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« What About Cheech? | A Fragmented America »
Monday
Oct082012

Committees Are Creatively Dead

Great art is more often than not, the fully nuanced singular vision of one individual. There are occasional exceptions such as Walter Becker and Donald Fagen (Steely Dan), Elton John and Bernie Taupin. But even in these cases, if you did deep enough, you'll usually find that one individual took the lead or the collaborators divided the job into discrete sections which again, were completed by an individual. In the case of John and Taupin, Elton wrote the music, while Bernie wrote the lyrics.

Art always begins as an idea. If a picture is worth a thousand words, an idea has got to be worth ten thousand. When a creative person begins, many times the "idea" is not even fully formed. Almost always, the idea must be "played with" to reach full realization. Great artists love to imagine their vision from all sides, rearranging the pieces until it feels right. To be sure, feeling is more important than thinking. A quiet mind is the artist's friend. Only when the mind is quiet can a feeling materialize into an idea.

Thinking minds have a tough time with this concept. Thinking people want you to "explain" it to them. "Why is this good?" they ask. Left brain people are always trying to come up with a procedure for creating great art. Usually the procedure starts with "brainstorming." Brainstorming can be fun and productive where creative people are concerned, but again the ideas must be felt, not calculated. In order to do so, minds must be quieted so ideas can be released. Creative people must "brainstorm" with other creative people that understand this process. Unfortunately, in many group situations, left brainers try to take charge by employing the tactics that are so effective in most business meetings - he who is the most assertive, the loudest, and gets the most "air time," usually gets his way. What usually emerges is a "watered down" thin soup not fit for consumption. Groups mean compromise and compromise doesn't lead to great art. Usually what gets "compromised" away are the very things that would make the work special.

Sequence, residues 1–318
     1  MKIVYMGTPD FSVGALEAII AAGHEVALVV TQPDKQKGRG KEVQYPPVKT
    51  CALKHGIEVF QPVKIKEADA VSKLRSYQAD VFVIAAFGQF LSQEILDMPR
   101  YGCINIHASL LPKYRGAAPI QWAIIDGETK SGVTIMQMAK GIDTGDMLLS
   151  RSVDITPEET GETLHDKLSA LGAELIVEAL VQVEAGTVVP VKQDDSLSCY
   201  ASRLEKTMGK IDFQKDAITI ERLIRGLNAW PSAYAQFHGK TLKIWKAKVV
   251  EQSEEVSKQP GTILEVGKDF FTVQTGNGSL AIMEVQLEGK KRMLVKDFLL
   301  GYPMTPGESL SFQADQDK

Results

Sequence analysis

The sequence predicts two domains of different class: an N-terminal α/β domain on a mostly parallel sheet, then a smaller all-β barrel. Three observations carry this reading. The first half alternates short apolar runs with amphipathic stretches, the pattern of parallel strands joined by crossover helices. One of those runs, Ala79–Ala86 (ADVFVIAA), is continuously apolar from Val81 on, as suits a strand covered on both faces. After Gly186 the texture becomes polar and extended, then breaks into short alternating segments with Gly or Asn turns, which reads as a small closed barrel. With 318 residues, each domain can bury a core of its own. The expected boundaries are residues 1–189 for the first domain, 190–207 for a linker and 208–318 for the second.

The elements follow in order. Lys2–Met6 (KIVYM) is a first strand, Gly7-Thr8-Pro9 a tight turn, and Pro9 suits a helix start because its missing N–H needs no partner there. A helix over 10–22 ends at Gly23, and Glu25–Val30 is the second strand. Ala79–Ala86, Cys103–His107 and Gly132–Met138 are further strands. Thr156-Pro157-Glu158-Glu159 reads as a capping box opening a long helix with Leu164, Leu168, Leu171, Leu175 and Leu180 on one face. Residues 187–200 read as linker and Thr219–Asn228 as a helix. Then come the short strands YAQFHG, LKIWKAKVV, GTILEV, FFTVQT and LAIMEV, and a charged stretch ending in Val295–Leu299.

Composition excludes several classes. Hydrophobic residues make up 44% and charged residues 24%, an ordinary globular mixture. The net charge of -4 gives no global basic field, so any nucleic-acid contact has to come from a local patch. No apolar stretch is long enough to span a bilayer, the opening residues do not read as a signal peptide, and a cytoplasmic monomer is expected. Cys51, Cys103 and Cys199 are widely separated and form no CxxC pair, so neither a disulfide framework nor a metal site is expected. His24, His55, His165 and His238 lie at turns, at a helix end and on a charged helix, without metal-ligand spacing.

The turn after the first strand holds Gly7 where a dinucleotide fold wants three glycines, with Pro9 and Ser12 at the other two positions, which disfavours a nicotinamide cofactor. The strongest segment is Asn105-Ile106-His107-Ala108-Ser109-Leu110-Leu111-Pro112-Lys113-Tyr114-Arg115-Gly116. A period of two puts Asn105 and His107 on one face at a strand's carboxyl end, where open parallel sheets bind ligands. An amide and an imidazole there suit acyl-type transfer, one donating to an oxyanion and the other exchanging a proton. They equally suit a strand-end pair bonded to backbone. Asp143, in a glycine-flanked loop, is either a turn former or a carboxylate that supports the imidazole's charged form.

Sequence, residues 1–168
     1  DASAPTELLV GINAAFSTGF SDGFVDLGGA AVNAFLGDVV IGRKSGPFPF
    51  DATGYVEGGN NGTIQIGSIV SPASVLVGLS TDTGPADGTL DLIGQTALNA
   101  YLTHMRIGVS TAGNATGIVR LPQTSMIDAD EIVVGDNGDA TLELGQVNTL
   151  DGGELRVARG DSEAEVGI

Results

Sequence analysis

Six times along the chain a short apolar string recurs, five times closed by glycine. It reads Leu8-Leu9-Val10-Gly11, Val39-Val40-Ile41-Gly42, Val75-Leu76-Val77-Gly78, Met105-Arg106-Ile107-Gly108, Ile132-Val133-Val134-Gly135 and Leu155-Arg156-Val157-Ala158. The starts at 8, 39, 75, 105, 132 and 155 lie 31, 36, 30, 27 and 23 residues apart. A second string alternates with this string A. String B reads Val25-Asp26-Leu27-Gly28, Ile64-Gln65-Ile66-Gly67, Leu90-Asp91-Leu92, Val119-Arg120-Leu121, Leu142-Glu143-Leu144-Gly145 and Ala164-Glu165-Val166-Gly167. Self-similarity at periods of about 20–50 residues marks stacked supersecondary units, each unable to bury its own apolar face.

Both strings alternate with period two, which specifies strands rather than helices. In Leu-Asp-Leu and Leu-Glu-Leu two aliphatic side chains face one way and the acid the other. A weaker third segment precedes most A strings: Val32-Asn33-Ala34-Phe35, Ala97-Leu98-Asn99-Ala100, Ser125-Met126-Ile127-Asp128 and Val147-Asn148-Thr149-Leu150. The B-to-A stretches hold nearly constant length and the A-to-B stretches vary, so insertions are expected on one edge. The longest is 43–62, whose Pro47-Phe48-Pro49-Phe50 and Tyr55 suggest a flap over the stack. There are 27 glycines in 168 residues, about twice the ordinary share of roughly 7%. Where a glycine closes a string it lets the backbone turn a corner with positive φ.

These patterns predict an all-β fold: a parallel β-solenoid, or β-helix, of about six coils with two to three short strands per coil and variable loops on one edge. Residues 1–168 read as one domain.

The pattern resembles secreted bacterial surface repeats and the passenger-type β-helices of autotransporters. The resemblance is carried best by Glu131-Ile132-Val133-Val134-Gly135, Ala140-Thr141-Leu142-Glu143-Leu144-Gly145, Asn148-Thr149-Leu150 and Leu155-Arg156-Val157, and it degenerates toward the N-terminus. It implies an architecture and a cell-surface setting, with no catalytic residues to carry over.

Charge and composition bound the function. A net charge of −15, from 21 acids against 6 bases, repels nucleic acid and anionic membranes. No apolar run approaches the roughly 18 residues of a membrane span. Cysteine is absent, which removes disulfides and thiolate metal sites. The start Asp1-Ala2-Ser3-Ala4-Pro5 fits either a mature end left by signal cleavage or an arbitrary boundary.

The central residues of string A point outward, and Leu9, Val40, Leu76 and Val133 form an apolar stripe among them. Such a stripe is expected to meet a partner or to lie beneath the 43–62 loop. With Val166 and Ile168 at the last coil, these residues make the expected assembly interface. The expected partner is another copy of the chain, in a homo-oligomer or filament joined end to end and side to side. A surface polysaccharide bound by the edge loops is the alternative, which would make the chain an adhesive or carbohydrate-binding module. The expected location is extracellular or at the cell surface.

Normal is the collective common denominator of a culture. By definition, it can't be original because it must be common. The more people that "weigh in" on an idea, the more common the agreed upon content becomes until any semblance of originality is dispatched from the project.

Great art is often about small nuances that only the creator can understand. The difference between good and great, interesting and pedestrian, humorous and lackluster, usually lies in the details. Everything matters. Everything reinforces the whole. Everything builds or detracts. Great comedians speak of timing, filmmakers talk about tone, writers struggle to find a voice, painters fret endlessly over hue.

No one grasped this concept better than Apple's, Steve Jobs. He drove the largest tech company in the world with a fully nuanced, singular vision. His family of products tightly fit together like the pieces of a puzzle to create a beautiful tech-convenient lifestyle. I've been using Apple products since 1984 and when people ask me why, I usually say, "Because they make me smile." It's the details. Every button, every icon, every dialogue box, every seam, even the packaging reinforces the thoughtful culture of quality Steve Jobs built from a singular vision. When an infidel asked my wife why she used an iPhone, she said, "The picture I just took, is already on my three TVs at home, and I didn't have to do anything."

If you want something truly creative, forget about a "planning committee." Find the most creative person you know. Communicate the goal of the work and tell him to impress you. Make sure to give him/her the resources he/she needs and stand back. Don't look until it's finished and don't suggest any course of action. See what they come up with. Listen to their vision and keep an open mind. You may be shocked with what they come up with. Who would have thought a lizard or a duck could sell insurance?

Steve Jobs: The Man Who Thought Different

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